With the holiday here in Canada I’ve spent some time doing exciting things like laundry, mowing lawns and other domestic duties that I’ve been lax in doing lately. While I was matching up socks, I was thinking about my participation in CCK09, Connectivism and Connective Knowledge 2009, which is essentially a course but has a real expansive social element to it. I participated last year as a registered student, so my writing and bits were rewarded with marks.
This year will be different for me, so it’ll be interesting to take a second kick at the can without the “pressure” of marked submissions. Participation for me will be a little less, I’m up to teaching three different courses in the Fall Continuing Education semester (XML, Fireworks, Searching The Internet Effectively), and two for Distance Education (XML and Searching The Internet Effectively). Plus the e-Learning work and completing a degree. Busy? Yeah.
I’m very interested in seeing how my ideas about well designed educational spaces match up with Connectivism. We know that good design lends credibility to sources. We also know that good design can manipulate people’s opinions about things. Considering that Connectivism accepts “knowledge” from multiple sources – can you game a network into altering the “truth”? Truth, in my opinion is mostly subjectively agreed upon by groups of people based on their experiences – and that I need to define what I mean by truth backs up my belief. There is a sense that somehow the Internet is killing knowledge, but I don’t think that’s the case. It’s a case of setting priorities straight – I don’t need to know how to get somewhere – Google Maps will do it for me. Of course, this only works if it’s right.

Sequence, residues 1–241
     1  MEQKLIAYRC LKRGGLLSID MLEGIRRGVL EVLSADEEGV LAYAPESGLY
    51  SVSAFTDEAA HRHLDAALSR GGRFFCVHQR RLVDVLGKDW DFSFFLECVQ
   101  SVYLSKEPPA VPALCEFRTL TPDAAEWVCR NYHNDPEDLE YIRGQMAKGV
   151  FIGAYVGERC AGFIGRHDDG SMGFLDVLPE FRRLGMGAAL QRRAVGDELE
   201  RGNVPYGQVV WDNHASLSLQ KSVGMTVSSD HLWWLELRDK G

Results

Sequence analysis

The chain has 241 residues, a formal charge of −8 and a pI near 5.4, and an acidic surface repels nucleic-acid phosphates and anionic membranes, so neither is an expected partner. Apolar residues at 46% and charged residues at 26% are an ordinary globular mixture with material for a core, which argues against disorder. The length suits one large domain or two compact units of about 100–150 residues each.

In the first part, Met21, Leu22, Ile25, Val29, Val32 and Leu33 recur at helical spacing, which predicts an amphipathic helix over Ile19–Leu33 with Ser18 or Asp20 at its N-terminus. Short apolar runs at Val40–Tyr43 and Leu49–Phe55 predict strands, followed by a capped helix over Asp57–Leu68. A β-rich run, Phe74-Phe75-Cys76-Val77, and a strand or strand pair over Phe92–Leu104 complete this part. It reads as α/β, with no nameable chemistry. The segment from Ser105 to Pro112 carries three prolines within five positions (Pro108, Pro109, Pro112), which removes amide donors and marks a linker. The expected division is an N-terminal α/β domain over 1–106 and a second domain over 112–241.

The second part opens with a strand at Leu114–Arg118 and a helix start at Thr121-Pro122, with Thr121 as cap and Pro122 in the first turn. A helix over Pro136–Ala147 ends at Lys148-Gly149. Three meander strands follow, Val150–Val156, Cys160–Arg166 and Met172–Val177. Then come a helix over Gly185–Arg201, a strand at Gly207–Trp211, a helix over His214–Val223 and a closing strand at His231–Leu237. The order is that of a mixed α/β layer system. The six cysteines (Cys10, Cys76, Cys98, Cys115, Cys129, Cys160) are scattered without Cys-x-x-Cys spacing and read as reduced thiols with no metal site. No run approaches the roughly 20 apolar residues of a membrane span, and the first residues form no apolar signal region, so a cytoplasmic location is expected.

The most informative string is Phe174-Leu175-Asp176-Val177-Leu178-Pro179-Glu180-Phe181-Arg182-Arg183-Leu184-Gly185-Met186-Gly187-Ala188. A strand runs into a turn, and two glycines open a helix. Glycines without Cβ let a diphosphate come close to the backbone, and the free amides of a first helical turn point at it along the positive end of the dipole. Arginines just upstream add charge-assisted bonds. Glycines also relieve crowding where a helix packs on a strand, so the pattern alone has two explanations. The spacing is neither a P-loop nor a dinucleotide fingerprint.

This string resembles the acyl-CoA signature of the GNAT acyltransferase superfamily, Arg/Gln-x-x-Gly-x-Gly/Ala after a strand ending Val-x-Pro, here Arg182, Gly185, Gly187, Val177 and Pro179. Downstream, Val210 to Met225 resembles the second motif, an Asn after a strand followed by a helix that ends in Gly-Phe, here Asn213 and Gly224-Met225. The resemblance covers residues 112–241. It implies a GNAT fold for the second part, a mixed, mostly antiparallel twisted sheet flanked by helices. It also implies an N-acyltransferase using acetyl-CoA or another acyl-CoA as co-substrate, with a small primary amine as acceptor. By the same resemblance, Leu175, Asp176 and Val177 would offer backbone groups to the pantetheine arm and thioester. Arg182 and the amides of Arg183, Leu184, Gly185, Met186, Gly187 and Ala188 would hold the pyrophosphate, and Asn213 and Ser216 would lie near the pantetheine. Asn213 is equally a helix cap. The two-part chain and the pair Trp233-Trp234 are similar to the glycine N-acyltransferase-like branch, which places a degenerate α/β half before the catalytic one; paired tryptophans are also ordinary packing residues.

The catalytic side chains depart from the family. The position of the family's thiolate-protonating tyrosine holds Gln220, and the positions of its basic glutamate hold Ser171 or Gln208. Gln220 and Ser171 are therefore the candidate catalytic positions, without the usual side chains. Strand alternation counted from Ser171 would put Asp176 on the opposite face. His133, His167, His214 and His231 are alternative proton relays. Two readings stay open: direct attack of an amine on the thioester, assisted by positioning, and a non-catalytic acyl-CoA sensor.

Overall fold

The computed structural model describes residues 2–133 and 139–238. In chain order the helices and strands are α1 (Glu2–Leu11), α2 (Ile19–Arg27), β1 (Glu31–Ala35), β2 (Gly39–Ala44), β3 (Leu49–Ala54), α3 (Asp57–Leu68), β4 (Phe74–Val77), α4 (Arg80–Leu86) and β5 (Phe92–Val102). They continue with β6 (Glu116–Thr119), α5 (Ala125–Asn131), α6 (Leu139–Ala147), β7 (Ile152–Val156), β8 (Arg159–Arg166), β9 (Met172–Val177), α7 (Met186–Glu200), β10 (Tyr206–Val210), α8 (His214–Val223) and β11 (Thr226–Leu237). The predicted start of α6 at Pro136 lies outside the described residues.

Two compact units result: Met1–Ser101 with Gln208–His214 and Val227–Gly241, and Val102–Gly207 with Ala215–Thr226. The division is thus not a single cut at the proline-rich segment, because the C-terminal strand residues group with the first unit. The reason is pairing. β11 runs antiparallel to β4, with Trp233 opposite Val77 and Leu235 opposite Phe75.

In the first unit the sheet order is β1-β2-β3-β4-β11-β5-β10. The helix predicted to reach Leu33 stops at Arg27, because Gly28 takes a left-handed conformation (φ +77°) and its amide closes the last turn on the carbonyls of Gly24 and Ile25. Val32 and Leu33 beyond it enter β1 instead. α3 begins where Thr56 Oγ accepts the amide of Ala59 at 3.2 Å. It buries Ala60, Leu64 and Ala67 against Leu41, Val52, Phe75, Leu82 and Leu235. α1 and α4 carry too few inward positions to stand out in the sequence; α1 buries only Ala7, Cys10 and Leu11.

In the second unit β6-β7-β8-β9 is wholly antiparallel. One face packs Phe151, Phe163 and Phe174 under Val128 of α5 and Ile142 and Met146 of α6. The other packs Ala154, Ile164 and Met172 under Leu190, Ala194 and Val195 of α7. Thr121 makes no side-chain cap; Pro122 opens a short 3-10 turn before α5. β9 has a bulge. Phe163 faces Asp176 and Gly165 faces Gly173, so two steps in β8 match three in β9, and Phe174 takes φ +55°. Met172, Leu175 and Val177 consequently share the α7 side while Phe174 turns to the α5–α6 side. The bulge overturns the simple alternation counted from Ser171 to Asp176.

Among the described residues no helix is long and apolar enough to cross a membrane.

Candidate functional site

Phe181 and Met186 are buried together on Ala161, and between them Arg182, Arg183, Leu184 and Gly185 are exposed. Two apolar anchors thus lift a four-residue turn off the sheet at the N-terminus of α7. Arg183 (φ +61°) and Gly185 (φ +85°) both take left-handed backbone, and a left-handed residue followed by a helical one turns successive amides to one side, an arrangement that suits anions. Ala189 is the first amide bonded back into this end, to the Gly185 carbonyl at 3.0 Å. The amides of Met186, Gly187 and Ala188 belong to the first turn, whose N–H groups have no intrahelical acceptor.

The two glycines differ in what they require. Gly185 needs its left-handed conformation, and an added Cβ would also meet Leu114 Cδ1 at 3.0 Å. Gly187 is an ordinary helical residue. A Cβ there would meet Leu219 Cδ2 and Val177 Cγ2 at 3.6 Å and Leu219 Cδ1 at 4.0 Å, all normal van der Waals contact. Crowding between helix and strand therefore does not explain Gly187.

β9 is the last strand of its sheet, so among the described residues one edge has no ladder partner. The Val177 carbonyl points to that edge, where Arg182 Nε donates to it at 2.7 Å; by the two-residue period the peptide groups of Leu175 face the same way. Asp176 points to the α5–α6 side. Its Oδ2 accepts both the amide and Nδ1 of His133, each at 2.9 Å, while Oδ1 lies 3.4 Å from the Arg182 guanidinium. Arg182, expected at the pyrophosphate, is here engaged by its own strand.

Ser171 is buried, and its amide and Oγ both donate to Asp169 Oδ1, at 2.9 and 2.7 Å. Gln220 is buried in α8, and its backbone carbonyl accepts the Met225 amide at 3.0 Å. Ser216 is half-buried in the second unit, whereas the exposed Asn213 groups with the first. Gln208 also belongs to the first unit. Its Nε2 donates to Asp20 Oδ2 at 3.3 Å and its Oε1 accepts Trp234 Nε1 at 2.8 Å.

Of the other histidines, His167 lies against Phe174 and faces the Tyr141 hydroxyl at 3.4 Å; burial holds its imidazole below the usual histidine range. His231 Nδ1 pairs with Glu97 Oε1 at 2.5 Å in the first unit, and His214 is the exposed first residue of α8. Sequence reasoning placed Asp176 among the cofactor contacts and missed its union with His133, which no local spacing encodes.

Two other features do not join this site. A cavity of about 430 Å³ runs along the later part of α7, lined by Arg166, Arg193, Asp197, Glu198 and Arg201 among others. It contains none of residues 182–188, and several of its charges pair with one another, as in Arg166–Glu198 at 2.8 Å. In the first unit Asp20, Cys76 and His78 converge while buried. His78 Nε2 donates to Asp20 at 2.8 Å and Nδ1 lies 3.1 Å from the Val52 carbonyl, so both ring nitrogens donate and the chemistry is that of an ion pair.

This is an important piece to education: educators used to rely on books as a symbol of truth. “Hey, someone published thousands of books, and we’re using it in school, so it must be true!” Schools used to be the gateway of that knowledge. The yang to that yin, is that you have to have enough of a crap detector to understand when it goes wrong. Now that knowledge has moved out of books and into online spaces, or into devices like your cellphone, it’s easier to fake people out. Never mind that it’s easier to publish a book now than it ever has been in the history of the human race…
When the Simon Wiesenthal Centre came and spoke to the College last year, they illustrated that point where a hate group had bought martinlutherking.org – and essentially put together a fairly slick website to defame Martin Luther King. It only came to their attention after a student had used some of the “material” for a class project. If the design of the site had been cruder, maybe some alarm bells would’ve sounded sooner.
Good design, good looking designs, add credibility. And it’s not hard to get good looking stuff, especially when we’re all playing a credibility game to get our voices above the noise.